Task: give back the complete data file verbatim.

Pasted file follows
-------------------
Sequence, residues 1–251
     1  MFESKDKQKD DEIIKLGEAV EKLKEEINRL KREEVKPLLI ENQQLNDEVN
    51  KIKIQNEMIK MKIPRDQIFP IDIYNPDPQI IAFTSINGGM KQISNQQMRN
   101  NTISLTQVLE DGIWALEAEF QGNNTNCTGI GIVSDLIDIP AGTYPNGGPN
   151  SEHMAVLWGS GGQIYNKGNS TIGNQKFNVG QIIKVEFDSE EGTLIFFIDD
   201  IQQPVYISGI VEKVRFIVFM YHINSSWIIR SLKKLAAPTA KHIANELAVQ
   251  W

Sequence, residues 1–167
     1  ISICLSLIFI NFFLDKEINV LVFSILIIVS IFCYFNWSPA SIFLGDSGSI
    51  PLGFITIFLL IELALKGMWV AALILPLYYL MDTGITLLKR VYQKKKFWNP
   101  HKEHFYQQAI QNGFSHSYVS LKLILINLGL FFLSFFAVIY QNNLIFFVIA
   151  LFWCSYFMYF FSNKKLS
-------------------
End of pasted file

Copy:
Sequence, residues 1–251
     1  MFESKDKQKD DEIIKLGEAV EKLKEEINRL KREEVKPLLI ENQQLNDEVN
    51  KIKIQNEMIK MKIPRDQIFP IDIYNPDPQI IAFTSINGGM KQISNQQMRN
   101  NTISLTQVLE DGIWALEAEF QGNNTNCTGI GIVSDLIDIP AGTYPNGGPN
   151  SEHMAVLWGS GGQIYNKGNS TIGNQKFNVG QIIKVEFDSE EGTLIFFIDD
   201  IQQPVYISGI VEKVRFIVFM YHINSSWIIR SLKKLAAPTA KHIANELAVQ
   251  W

Sequence, residues 1–167
     1  ISICLSLIFI NFFLDKEINV LVFSILIIVS IFCYFNWSPA SIFLGDSGSI
    51  PLGFITIFLL IELALKGMWV AALILPLYYL MDTGITLLKR VYQKKKFWNP
   101  HKEHFYQQAI QNGFSHSYVS LKLILINLGL FFLSFFAVIY QNNLIFFVIA
   151  LFWCSYFMYF FSNKKLS